This Quick Take document discusses the final recommendation for pre-exposure prophylaxis (PrEP) from the United States Preventive Services Task Force (USPSTF) and why the PrEP recommendation matters. The USPSTF PrEP recommendation has the potential to increase access to PrEP for HIV prevention and means that most private health plans and all Medicaid-expansion programs must cover PrEP without cost-sharing. To support effective implementation of this recommendation, the document outlines critical actions that are needed from federal agencies, health plans, health departments and insurance regulators, and providers and communities. Implementation of the recommendation must ensure access to comprehensive PrEP services and require coverage without cost-sharing of new PrEP regimens as they become available.
One in four people living with HIV will become infected with Hepatitis C (HCV) during their lifetime. This policy brief shows how the Ryan White HIV/AIDS Program has a major role to play in helping eliminate HCV among people living with HIV. This brief identifies target populations and various barriers as well as providing strategies to address those issues. These strategic actions include comprehensive efforts to overcome barriers to treatment, better metrics for taking progress toward elimination, increased emphasis on re-screening, and stronger planning and commitment to HCV elimination in states, communities, and clinics.
Quick Take on the Ryan White HIV/AIDS Program in the United States (January 2019)
This Quick Take document discusses how the Ryan White HIV/AIDS Program is leading the way in getting people with HIV virally suppressed by ensuring stable access to HIV primary care and medication along with critical support services. The documents describes the parts of the Ryan White Program and the importance of the program for meeting the health care needs of people with HIV and addressing new challenges.
Quick Take on HIV Prevention in the United States (January 2019)
This Quick Take document provides an overview of the HIV epidemic in the United States and describes the range of tools and approaches used to prevent HIV infection, including HIV testing and linkage to care, treatment as prevention, pre-exposure prophylaxis (PrEP) and post-exposure prophylaxis (PEP), and syringe and harm reduction services. The document also discusses the need for continued support for and new investment in HIV prevention.
State and Local ‘End the Epidemic’ Plans Can Drive HIV Progress (December 2018)
Released in December 2018, this report identifies key elements of a plan to ‘End the Epidemic.’ One of the most significant elements of some emerging plans is to treat HIV earlier by offering same-day or rapid start of antiretroviral therapy (ART) when individuals receive an HIV diagnosis or are re-engaged in HIV care. Other significant elements include continued focus on monitoring engagement and actively intervening to address barriers to care and an emphasis on scaling up access to pre-exposure prophylaxis (PrEP) and ensuring appropriate access to post-exposure prophylaxis. The report also provides some leading examples of jurisdictions across the county that have developed plans. The jurisdictions highlighted in the report include New York State, New York City, Washington State, the District of Columbia, Houston, and Los Angeles.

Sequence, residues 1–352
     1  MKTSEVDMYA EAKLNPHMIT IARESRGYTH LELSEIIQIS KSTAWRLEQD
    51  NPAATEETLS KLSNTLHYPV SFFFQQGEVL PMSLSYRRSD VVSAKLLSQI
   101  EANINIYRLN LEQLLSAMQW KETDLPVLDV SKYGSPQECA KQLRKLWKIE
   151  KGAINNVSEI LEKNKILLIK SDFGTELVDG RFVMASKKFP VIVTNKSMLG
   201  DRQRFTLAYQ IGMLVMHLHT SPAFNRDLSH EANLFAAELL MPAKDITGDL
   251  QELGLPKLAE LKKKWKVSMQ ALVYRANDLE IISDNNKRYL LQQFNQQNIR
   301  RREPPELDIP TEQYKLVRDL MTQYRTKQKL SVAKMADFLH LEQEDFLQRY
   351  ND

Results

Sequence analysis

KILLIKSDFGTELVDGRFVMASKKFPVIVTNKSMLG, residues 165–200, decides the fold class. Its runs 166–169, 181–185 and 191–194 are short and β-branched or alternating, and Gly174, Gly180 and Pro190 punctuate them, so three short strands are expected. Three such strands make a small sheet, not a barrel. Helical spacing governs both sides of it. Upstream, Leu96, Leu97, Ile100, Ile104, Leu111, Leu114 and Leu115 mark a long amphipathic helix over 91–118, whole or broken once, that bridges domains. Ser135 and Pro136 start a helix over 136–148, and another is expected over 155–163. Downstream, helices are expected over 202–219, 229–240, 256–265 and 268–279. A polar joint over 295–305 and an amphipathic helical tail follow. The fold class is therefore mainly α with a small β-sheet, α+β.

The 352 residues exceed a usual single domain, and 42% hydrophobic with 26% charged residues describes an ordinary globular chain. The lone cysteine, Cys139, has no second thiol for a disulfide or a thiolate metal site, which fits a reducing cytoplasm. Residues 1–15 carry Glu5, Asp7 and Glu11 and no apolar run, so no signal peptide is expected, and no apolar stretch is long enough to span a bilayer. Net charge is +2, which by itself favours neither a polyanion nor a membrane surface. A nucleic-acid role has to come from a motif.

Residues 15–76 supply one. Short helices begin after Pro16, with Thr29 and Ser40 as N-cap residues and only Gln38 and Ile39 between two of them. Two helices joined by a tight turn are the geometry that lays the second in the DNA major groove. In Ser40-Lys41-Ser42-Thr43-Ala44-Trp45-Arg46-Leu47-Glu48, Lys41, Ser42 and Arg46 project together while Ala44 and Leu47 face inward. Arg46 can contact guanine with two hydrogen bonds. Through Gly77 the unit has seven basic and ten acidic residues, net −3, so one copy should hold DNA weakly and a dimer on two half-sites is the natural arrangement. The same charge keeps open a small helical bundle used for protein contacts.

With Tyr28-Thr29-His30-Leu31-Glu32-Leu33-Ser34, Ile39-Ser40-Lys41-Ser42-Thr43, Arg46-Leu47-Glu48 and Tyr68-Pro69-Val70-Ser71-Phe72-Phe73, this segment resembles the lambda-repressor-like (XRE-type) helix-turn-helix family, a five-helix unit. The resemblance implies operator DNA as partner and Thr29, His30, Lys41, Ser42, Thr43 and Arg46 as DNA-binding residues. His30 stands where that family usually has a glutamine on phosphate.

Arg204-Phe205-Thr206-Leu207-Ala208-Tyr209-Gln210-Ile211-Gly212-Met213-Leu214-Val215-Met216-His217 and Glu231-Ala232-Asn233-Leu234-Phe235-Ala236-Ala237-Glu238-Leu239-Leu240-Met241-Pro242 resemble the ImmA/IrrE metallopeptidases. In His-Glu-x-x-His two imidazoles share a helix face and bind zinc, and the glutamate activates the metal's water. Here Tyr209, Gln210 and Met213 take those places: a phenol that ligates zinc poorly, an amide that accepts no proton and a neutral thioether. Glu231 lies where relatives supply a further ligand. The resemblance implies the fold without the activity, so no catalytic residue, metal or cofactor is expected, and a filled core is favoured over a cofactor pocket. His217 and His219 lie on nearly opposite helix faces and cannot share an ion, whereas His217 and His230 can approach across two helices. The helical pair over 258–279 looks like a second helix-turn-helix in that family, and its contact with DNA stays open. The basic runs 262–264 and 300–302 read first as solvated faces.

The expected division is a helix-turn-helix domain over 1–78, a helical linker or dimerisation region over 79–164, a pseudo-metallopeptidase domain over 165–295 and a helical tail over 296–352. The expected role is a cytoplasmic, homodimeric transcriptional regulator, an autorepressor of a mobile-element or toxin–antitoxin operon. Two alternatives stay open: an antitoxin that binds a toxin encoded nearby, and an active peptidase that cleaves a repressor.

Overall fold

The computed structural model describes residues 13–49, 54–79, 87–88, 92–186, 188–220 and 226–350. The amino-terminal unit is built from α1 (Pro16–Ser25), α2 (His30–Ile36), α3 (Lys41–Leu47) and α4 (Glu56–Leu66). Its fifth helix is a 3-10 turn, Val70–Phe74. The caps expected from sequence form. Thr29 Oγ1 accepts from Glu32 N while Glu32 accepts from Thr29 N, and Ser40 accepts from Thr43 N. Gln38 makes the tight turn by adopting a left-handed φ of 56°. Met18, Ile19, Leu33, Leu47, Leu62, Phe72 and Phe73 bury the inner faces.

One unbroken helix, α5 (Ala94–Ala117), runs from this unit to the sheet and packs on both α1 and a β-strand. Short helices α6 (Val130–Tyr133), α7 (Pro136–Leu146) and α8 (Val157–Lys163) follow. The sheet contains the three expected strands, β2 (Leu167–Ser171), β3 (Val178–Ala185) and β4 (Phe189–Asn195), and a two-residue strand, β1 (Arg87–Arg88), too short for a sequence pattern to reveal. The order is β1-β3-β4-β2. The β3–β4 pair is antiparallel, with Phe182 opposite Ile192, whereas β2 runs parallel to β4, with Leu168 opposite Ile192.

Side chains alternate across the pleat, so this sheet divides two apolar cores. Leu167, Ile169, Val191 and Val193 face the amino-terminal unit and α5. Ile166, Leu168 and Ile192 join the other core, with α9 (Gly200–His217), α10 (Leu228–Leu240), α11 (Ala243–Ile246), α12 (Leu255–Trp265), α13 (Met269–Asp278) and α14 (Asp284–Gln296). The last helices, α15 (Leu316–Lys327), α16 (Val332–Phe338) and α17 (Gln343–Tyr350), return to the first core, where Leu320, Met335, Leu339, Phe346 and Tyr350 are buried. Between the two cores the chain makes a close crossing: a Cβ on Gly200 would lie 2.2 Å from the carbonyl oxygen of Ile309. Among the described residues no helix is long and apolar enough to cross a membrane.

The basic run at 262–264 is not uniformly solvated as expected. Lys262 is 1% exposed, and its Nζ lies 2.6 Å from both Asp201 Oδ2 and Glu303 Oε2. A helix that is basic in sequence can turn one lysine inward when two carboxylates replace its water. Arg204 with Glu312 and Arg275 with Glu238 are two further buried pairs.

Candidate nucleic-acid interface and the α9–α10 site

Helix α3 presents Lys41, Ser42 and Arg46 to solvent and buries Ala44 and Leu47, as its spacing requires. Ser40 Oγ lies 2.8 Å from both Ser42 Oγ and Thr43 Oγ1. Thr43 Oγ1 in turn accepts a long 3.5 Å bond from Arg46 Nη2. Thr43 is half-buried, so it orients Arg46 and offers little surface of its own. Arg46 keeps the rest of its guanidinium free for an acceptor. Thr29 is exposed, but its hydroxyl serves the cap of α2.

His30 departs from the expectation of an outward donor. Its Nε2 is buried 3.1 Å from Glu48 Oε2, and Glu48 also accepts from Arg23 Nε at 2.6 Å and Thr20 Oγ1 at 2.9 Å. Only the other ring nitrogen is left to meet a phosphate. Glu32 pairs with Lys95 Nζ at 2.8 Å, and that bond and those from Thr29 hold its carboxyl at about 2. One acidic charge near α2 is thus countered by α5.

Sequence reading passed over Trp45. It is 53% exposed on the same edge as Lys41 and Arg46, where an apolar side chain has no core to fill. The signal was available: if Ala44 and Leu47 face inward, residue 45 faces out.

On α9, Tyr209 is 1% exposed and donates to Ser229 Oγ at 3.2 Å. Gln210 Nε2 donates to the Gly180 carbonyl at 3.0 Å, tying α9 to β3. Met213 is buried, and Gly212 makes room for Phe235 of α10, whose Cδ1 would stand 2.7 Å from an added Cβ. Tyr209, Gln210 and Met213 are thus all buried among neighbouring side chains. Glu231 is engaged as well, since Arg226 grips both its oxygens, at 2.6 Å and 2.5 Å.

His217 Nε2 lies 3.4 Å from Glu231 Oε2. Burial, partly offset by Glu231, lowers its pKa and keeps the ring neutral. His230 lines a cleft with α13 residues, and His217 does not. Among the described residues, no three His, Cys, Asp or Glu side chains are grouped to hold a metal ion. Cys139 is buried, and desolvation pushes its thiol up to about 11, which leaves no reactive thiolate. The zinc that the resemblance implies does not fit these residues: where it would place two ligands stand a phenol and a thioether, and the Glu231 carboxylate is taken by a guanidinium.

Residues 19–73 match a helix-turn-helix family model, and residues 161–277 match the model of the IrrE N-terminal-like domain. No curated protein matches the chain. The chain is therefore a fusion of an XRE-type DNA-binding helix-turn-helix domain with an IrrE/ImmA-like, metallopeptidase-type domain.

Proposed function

In the report, the authors outline the elements of a rapid start program and discuss common barriers to scaling up rapid start, ranging from clinician acceptance and patient readiness to insurance and AIDS Drugs Assistance Program (ADAP) eligibility. The challenge in adopting rapid start of ART is developing workable models of care that can be implemented across our diverse national health care landscape. The authors also discuss how the Ryan White HIV/AIDS Program can help overcome barriers to widespread adoption of rapid start.
The Ryan White program has led the way in the development of integrated models of care that other parts of the United States health system are seeking to replicate. It has also enabled states, territories, and local jurisdictions to mount flexible responses to their unique epidemics, while also raising the standard of care and expectations for population-level outcomes for everyone. This issue brief examines the changing role of the Ryan White program and how it supports Medicaid, Medicare, and private insurance to prevent HIV transmission and reduce health care spending.
Originally built as a standalone system, the Ryan White program has evolved to a complement to the insurance system. Nonetheless, as the health system seeks to better integrate services and design more effective and efficient care delivery models, this report offers strategies for better aligning the Ryan White program with insurance to ensure that people with HIV do not get left behind.
The Ryan White program has always looked and acted differently than other parts of the health system. This report provides recommendations for ways to streamline existing planning and monitoring activities to retain critical aspects of community engagement. It also forcefully calls for increased Ryan White program investments to build health department data management systems and capacity to better partner with Medicaid, Medicare, health plans, and HIV prevention programs to monitor engagement in care and intervene when care is interrupted.
Generations of dedicated HIV care providers and community partners have built today’s HIV care system. While more must be done to better reach underserved populations and communities, the need is great to bolster and sustain the existing HIV care workforce. This report offers recommendations for building upon recent changes to the AIDS Education and Training Center (AETC) program and other efforts to support clinical and non-clinical providers.
These reports were informed by consultations with people living with HIV, HIV medical and non-medical providers, Ryan White grantees, and federal HIV policy and program staff. The Ryan White Policy Project is supported by funding from Gilead Sciences, Inc. The report was prepared by Crowley and Garner. Crowley reports no recent personal financial interests related to the report. Garner is policy director for Foley Hoag representing Gilead Sciences.
Other project publications include:
Crowley, Jeffrey, and Jen Kates. Updating the Ryan White HIV/AIDS Program for a New Era: Key Issues and Questions for the Future.”. 2013.
Thematic Area: Infectious Diseases